They WANT workers from Okinawa, because they are a more stable work force, as workers from outside the prefecture tend to leave after short periods and most do not see these places as career choices.

The solution is really easy, but the companies dont want to cut into their "profits" to solve it!

3 ( +4 / -1 )

"base pay, for Sheraton Hotel in Okinawa, is 176,000 per month, add in a few "extras" like commuting allowance and others, it goes up to just under 200,000 per month. Take home pay is under 150,000."

Human capital: The skills, knowledge, and experience possessed by an individual or population, viewed in terms of their value or cost to an organization or company.

Now we know what the skill of making a bed and picking up towels pays.

-4 ( +1 / -5 )

To improve wages, the government has recommended ways to increase each customer's average spending.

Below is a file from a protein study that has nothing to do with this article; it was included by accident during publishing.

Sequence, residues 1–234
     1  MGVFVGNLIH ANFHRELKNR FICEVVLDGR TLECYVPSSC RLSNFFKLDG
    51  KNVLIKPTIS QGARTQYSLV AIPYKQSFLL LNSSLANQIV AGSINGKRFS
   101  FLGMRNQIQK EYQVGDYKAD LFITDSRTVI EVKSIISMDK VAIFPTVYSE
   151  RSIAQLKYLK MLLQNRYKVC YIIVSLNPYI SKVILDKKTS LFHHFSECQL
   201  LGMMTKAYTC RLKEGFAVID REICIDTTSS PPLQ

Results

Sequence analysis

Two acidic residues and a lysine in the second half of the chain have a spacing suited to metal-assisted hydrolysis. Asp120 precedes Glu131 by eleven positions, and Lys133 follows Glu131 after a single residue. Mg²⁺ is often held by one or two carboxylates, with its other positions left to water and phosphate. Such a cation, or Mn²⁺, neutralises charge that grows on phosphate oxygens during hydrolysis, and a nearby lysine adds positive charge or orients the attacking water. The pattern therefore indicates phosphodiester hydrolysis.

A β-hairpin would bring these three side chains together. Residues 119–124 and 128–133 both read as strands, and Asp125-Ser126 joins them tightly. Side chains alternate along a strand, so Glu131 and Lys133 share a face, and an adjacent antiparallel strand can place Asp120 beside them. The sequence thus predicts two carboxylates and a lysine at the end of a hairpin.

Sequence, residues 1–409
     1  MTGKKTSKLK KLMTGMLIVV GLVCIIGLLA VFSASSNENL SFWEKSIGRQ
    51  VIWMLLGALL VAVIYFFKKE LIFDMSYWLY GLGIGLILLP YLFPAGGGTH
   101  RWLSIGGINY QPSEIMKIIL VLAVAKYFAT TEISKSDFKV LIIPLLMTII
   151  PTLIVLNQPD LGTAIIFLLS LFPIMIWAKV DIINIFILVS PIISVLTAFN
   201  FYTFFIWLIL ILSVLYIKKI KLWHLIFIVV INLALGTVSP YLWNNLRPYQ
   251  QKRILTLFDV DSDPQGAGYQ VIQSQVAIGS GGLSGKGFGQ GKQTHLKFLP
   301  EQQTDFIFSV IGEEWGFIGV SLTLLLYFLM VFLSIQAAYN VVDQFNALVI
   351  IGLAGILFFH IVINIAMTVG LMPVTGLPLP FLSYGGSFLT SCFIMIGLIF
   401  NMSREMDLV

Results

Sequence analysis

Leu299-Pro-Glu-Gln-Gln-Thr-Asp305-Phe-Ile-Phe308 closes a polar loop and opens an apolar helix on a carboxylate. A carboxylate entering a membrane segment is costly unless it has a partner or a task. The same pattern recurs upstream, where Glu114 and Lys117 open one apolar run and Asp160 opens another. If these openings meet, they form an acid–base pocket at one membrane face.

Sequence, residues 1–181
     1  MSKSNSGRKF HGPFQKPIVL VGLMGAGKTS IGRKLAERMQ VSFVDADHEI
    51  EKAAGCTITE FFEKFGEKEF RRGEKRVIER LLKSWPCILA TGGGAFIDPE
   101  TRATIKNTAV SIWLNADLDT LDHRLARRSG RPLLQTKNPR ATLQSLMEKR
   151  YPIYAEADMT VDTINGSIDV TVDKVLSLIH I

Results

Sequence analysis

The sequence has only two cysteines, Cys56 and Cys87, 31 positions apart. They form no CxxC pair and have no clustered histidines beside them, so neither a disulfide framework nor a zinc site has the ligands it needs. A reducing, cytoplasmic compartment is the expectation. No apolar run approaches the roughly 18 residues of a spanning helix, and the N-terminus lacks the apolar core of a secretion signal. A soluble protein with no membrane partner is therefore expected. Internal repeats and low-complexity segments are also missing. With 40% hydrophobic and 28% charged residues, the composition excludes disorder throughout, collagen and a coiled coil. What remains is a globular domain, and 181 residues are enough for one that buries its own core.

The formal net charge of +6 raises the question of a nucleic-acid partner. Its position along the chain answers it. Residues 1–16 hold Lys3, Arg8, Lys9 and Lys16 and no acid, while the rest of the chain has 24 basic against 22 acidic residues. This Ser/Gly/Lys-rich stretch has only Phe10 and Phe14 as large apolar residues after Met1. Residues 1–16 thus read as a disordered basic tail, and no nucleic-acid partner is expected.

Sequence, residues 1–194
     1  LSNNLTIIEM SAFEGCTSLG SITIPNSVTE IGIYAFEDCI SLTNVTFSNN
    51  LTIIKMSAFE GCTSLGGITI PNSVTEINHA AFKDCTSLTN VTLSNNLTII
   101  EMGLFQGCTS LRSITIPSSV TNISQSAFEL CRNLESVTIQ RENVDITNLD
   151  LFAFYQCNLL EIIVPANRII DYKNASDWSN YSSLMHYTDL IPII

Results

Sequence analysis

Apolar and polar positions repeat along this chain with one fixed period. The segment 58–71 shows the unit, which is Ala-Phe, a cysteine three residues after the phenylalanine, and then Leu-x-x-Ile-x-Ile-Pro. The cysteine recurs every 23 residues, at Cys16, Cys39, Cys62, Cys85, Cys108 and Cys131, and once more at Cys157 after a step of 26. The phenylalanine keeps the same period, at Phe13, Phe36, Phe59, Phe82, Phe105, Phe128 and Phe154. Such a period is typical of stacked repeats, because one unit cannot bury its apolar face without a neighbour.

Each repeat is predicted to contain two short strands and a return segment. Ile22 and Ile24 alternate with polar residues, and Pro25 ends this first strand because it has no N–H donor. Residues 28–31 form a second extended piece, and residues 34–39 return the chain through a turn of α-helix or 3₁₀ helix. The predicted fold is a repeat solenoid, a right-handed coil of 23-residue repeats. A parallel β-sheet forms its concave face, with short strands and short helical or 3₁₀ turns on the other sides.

The hotel I've been staying at for over ten years has gone up in prices by about 50-75% from last year.

Hotel owners should be raising the hardworking staffs' hourly wage by at least 200-300 yen an hour more. They're raking it in right now and aren't really passing it on to their workers.

3 ( +3 / -0 )

I came here for a snow holiday back in 2010 and stay for 9 years driving a shuttle bus for 3 years for a mate who own a hotel in Goryu. It was very enjoyable work. It was the best job satisfaction in my working life but the pay was poor 200,000 yen cash a month but the American Ex- pat tip very very well. I have say Canadian/ Kiwi are very hard work. The American were so easy going. Australian want to be your mate and shout you dinners and drinks but have short arm and long pocket when come to tipping. I only got into one fight with a guest if you can call a it a fight. I landed a well place round house kick to the head of a very very rude Israeli and knock him out standing. Yes very enjoyable work the tourist industry.

1 ( +1 / -0 )

To improve wages, the government has recommended

Moves like lips. Show me the Hankoed sealed delivered.

1 ( +1 / -0 )